In theory, this definition conveys that organizations, nowadays, prefer having someone on board who is like them. Over a significant period of time, defining organizational culture has become essential for organizations in not just sourcing talent but also for its very existence!

Elements

Every organization is established on certain principles and values that it wishes to find in its workforce. If they don’t find it during their search the companies will try to instill the same principles by driving the narrative throughout the organization. Apple; a large organization with a diverse workforce is a wonderful example of this. The company focused on Steve Jobs interest in calligraphy in the early part of his career. This shaped his company and pushed their limits to be more aesthetically pleasing. From product designs and features to product innovations, Apple products are always ahead of the learning curve.

In order to drive this narrative, it is vital that companies realize their own ethos which is central to the very existence of the organization. This in turn can be channelized through various methods to reach the end users, the employees. An employee will more likely be encouraged to try and perform the same function using a new method in organizations that focus on innovation and encourage free flow of ideas throughout the organization.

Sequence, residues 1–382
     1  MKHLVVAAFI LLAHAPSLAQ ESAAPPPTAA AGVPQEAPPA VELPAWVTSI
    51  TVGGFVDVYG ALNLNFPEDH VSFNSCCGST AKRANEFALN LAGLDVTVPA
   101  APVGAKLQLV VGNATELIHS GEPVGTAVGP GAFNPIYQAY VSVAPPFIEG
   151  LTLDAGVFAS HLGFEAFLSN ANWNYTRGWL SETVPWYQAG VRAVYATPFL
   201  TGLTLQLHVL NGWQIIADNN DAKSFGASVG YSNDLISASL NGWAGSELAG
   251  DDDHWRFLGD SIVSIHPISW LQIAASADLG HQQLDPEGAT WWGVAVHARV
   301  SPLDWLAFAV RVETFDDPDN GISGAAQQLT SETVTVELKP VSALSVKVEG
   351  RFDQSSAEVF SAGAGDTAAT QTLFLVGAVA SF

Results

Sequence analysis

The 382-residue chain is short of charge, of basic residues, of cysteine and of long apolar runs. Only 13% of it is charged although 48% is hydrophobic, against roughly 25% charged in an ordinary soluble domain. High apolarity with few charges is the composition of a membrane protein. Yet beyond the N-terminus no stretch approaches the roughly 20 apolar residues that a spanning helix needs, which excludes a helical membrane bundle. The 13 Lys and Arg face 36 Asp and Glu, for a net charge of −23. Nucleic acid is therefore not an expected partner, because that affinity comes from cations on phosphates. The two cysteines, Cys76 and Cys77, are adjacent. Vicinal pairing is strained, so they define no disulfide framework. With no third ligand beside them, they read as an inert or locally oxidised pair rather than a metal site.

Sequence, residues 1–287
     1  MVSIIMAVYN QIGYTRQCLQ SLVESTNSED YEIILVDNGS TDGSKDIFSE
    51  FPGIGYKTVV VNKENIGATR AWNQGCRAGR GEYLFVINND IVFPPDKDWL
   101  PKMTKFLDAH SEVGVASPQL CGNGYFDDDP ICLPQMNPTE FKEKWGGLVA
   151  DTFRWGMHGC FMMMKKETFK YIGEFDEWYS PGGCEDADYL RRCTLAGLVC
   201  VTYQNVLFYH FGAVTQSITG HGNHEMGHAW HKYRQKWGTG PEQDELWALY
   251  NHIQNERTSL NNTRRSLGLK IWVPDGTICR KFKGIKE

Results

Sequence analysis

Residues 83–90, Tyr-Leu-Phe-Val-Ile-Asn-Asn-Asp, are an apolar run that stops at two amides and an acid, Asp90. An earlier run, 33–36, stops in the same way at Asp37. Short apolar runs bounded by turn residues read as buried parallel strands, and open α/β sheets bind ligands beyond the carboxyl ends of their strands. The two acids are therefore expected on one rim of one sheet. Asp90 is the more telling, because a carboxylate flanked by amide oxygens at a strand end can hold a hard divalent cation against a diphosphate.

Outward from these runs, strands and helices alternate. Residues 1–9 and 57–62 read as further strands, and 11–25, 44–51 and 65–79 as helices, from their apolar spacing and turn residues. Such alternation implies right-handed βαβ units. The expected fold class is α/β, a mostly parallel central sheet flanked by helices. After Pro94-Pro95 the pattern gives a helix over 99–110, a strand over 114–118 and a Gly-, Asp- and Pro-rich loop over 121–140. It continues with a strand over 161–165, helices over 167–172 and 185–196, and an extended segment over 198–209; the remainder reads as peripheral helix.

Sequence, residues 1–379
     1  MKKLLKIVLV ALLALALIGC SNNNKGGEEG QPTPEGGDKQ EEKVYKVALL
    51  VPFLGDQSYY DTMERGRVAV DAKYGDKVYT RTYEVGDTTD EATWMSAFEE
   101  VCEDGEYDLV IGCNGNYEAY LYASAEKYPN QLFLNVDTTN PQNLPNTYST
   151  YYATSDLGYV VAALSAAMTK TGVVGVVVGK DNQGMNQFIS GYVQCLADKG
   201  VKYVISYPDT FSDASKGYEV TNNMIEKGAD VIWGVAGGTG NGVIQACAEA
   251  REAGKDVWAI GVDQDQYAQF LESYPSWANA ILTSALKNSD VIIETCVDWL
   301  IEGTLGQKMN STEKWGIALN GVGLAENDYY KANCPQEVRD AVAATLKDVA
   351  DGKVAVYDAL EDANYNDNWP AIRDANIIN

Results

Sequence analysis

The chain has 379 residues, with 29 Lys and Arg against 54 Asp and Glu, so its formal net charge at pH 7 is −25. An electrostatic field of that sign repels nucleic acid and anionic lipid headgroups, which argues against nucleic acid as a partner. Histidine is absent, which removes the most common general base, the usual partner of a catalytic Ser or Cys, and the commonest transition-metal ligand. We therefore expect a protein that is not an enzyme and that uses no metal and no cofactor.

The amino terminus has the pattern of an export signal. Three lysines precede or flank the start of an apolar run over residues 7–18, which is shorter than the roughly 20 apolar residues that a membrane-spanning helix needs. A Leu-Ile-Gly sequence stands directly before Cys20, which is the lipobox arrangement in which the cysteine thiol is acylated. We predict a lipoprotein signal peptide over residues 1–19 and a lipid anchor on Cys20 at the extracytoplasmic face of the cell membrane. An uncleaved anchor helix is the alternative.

When Nokia was at its zenith, the company focused on making phones that were push-button, robust and had a great battery life. However, by the turn of 2010, the company couldn’t match up to the smart phones manufactured by Apple and Samsung and Nokia fell apart. This saga brought to light the conservative and reserved culture that existed at Nokia, where senior leadership refused to question the status quo. On the flip side companies like Google are built on not just questioning the status quo but even changing the existing dynamics. The Google Innovation Lab and other research centers are delegated with the responsibility to try, fail, learn, and innovate path-breaking products and its results are inimitable such as google glass, project loon-X, and the self-driving car.